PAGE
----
The talk is highly entertaining and thought provoking. He argues against the notion that startups that want to have a huge exit need to raise big money, noting that Microsoft raised just $1 million and eBay just $5 million, in venture capital.
He says small startups can be hugely disruptive, and have proportionally huge exits. he calls these companies Thunder Lizards. He’s talking about Godzilla, which eats his competitors and disrupts like crazy. These are the market leaders, he says. Second place is boring.
Silicon Valley entrepreneurs and venture capitalists tend to be wine sippers, he says, when beer slammers tend to be the big winners. He uses Chegg as an example, which grew to $50 million in revenue in just three years, but it took them two years to raise funding. The company, which rents textbooks to students, just didn’t make sense to most VCs.
This is a perfect situation, he says, because there’s no real competition out there getting funded, either. He calls this being “non consensus right.” That’s the sweet spot. The key is to attack a huge potential market, with an emphasis on “potential.” You want to be right, and you want to be one of the only people to see it ahead of time.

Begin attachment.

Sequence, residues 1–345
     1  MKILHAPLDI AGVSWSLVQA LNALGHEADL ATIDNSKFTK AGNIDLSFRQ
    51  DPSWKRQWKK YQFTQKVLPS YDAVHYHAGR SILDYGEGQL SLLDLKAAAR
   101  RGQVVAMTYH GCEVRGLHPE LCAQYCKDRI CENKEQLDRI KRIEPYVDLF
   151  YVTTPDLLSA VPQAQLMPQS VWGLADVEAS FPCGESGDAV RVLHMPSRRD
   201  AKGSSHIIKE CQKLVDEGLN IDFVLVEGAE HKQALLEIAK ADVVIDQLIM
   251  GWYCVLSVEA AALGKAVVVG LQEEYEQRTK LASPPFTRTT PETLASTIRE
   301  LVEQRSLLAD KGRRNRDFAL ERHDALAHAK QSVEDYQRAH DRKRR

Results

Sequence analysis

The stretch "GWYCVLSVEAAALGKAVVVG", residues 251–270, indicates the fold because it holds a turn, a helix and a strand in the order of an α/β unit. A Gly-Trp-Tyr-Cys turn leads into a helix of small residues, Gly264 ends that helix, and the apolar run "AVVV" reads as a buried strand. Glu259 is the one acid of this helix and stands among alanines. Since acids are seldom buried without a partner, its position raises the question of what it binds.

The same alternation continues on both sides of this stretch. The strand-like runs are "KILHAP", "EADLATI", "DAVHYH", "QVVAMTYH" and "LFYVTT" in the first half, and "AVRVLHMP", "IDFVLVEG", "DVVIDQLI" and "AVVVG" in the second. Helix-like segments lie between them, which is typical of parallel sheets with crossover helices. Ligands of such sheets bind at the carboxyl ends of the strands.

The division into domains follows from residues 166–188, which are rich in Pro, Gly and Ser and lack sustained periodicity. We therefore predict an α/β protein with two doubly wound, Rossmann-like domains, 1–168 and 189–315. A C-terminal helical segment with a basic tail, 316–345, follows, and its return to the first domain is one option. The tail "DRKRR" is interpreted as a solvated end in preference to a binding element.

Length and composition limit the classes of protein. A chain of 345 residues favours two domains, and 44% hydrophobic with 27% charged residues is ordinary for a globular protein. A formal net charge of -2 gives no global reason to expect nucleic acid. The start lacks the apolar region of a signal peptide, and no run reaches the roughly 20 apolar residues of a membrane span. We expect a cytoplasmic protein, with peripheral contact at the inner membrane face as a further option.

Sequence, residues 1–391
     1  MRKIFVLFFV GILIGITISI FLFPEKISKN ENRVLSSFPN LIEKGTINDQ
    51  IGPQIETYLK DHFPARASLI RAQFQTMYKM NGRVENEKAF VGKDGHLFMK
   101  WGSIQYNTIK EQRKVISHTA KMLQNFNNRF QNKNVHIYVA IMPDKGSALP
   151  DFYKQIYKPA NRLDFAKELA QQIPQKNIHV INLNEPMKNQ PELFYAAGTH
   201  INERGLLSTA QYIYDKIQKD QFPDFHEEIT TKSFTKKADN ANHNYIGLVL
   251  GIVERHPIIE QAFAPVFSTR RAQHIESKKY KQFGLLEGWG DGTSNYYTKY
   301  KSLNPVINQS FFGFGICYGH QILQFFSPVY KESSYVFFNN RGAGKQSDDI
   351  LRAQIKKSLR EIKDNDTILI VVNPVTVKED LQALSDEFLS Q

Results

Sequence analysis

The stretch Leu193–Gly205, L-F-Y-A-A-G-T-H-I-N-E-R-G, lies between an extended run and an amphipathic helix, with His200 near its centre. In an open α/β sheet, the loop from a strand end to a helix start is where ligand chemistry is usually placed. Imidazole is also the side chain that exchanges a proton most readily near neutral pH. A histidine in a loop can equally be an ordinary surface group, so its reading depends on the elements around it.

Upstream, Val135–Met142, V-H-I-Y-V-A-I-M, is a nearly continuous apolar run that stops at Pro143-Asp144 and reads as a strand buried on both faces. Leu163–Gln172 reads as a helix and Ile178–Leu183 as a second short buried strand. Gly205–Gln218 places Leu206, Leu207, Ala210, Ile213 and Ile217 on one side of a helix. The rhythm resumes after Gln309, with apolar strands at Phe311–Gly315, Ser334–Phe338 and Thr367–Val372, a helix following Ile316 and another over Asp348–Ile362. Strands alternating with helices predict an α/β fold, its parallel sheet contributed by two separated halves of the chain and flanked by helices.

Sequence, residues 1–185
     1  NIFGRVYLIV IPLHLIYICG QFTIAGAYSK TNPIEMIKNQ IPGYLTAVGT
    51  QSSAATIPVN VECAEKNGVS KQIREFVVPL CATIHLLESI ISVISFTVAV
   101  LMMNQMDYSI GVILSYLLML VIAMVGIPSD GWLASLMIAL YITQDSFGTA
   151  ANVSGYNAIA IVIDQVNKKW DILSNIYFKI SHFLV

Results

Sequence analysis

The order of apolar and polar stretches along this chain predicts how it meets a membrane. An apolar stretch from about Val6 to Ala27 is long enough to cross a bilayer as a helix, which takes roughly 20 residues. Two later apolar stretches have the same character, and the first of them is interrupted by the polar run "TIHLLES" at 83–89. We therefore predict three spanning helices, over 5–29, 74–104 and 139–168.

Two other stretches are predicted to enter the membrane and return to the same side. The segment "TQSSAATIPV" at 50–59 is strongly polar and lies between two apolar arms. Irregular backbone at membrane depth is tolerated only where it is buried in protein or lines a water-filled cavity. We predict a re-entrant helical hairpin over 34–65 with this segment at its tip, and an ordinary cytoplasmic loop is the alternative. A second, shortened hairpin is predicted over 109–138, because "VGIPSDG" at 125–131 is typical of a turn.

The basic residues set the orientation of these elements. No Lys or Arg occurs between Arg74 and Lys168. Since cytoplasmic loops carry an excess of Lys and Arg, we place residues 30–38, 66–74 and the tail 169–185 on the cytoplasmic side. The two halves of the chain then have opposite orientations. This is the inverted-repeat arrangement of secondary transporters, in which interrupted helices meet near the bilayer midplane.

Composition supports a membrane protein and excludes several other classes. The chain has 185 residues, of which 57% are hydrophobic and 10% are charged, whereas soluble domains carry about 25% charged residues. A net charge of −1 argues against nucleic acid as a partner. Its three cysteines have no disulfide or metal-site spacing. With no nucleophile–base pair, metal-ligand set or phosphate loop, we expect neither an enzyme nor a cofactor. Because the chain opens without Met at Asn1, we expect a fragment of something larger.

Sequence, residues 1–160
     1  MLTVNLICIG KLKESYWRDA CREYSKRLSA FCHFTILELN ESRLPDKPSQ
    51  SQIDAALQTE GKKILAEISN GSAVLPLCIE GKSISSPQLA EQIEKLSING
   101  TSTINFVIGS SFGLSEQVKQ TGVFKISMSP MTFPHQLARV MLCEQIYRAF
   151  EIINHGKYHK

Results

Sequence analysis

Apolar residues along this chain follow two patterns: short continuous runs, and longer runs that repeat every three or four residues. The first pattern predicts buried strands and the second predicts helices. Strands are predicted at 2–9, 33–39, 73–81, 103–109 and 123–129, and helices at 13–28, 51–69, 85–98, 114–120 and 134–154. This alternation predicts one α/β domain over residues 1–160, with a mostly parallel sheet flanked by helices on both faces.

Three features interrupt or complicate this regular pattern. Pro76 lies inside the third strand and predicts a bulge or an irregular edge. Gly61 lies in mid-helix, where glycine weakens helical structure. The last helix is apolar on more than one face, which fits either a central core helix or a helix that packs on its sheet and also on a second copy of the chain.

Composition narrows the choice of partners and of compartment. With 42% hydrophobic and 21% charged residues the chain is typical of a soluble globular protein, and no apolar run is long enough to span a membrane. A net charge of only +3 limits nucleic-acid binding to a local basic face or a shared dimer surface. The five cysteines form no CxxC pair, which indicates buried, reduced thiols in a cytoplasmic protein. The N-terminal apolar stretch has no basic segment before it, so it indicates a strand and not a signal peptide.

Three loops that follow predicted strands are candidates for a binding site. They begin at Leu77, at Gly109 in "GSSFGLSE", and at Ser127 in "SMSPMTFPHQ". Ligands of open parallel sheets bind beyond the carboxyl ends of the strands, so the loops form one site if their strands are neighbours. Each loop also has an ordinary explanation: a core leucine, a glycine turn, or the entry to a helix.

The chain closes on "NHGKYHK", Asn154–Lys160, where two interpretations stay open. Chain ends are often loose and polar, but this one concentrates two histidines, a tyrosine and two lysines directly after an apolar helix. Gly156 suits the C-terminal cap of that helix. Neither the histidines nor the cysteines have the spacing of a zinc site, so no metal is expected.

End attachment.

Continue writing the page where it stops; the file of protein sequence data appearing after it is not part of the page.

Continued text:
Great presentation. I’ll try to get the presentation to post as well. The video is below.
Mike Maples, Jr. is the managing partner of Maples Investments, and was recently named as one of “8 Rising VC Stars” by Fortune Magazine for his investments in business and consumer technology companies. Before becoming a full-time investor, Mike was an entrepreneur and operating executive who worked in a variety of senior management roles in high-growth companies. His background spans a variety of markets including consumer technology, small business, and the enterprise, and he has led various functions in...